Uniting people who are lesbian, gay, bisexual, transgender, and queer (LGBTQ) with families, friends, and allies, PFLAG is committed to advancing equality through its mission of support, education, and advocacy. PFLAG has 400 chapters and 200,000 supporters crossing multiple generations of American families in major urban centers, small cities, and rural areas in all 50 states, the District of Columbia and Puerto Rico.
Youth and Young Adult Resources
CTA 20/30 is an inclusive community of Catholics in our 20s and 30s who seek justice in the Catholic Church. We seek to deepen our faith, to integrate faith with action and, in so doing, to transform our church through a lens of anti-racism and anti-oppression principles.
We are college students, young professionals, parents, vowed religious, married and single folks, LGBTQ and straight. Our Catholic practice varies, too: some of us go to mass, others to intentional Eucharistic communities– or none of the above. Our common bond is our desire for joyful, inclusive Catholic spaces where all are welcome at the table – feminists, LGBTQ people, people of color, those who follow their consciences, and others who have too often felt marginalized in mainstream Catholic life.
Catholic Volunteer Network fosters and promotes full-time domestic and international faith-based volunteer service opportunities for people of all ages, backgrounds, and skills. As the leading membership organization of Christian volunteer and mission programs, we support and enhance the work of our members through volunteer recruitment, training and resources, networking opportunities, and advocacy.
The Loretto Volunteer Program is a project of the Loretto Community, a welcoming and inclusive Catholic order of sisters with a 200-year history of advocating for peace, women’s equality and solutions to social injustices. Loretto Volunteers are an extension of the mission and spirit of the Loretto Community. Volunteers serve for a year at social justice organizations while living in intentional community with other volunteers. All the while, volunteers find ways to connect to their spirituality and practice simplicity in every day life.
Loretto Volunteers serve in both direct service and advocacy roles. They serve in homeless shelters and immigrant legal clinics; in public radio and at the United Nations. Each volunteer is paired with an organization based on their skills and interests.
The Dignity Young Adult Caucus (DYAC) is a community of young adult LGBT Catholics and their friends. The DYAC was formed as the official young adult group of DignityUSA to recognize the vital and unique role that young members play within the national organization and to address the specific needs of the younger generation of Dignitarians.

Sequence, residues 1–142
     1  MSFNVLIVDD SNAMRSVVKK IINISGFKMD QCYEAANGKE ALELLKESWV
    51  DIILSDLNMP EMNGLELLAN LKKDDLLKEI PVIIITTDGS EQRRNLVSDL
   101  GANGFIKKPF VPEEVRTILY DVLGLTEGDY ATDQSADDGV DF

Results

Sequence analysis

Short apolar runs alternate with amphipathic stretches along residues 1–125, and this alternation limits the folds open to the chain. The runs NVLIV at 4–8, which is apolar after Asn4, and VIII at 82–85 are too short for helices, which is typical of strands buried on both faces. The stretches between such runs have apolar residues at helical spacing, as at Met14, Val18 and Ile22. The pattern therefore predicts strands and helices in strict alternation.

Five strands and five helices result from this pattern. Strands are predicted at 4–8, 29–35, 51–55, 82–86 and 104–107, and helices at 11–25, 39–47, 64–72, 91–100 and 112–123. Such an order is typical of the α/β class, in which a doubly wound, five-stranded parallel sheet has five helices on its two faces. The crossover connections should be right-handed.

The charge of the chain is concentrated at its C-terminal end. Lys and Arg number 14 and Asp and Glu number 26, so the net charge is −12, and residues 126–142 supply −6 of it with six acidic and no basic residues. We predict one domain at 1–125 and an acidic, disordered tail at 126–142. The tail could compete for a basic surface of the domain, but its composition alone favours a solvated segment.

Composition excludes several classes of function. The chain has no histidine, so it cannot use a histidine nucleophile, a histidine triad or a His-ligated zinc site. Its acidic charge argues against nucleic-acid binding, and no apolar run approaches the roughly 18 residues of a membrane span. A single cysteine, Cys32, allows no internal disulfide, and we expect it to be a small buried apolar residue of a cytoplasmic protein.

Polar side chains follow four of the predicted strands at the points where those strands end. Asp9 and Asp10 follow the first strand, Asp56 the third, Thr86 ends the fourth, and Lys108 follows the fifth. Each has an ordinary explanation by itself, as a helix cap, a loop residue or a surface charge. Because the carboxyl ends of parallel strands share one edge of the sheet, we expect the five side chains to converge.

Our goals are to: Connect and support current young adult members of DignityUSA; Help local DignityUSA chapters build young adult membership; Reach out to and provide a community for young adult LGBT Catholics and their friends and, if not yet a part of DignityUSA, encourage them to join our family of LGBT Catholics and allies.
The It Gets Better Project is a nonprofit organization with a mission to uplift, empower, and connect lesbian, gay, bisexual, transgender, and queer youth around the globe. Growing up isn’t easy, especially when you are trying to affirm and assert your sexual orientation and/or gender identity. It can be a challenging and isolating process – but, the good news is, no one has to do it alone.
Founded in 1998 by the creators of the Academy Award®-winning short film TREVOR, The Trevor Project is the leading national organization providing crisis intervention and suicide prevention services to lesbian, gay, bisexual, transgender, queer & questioning (LGBTQ) young people under 25.
What do you do when your 7-year-old son announces that he wants to be a girl? Or your husband of 30 years announces that he wants to be a woman? How do college students react when “he” becomes a “she.” In this two-hour documentary, Katie Couric sets out to explore the rapidly evolving complexities of gender identity. Click on the image to watch the entire film.
Click here to watch a conversation on the film hosted by Katie Couric with various panelists.
This film chronicles the true story of Sister Jeannine Gramick, who is defying a Vatican edict that she shut down her compassionate ministry to gay and lesbian Catholics, and silence herself permanently on the subject of homosexuality. Her battle takes her all the way to Rome and to the door of her key adversary over the years: Cardinal Joseph Ratzinger, who would become Pope Benedict XVI. Click on the image to watch the 10th Anniversary Edition trailer.
PRIDE is inspired by an extraordinary true story. It’s the summer of 1984, Margaret Thatcher is in power and the National Union of Mineworkers is on strike, prompting a London-based group of gay and lesbian activists to raise money to support the strikers’ families. Initially rebuffed by the Union, the group identifies a tiny mining village in Wales and sets off to make their donation in person. As the strike drags on, the two groups discover that standing together makes for the strongest union of all. Click on the image to watch the trailer.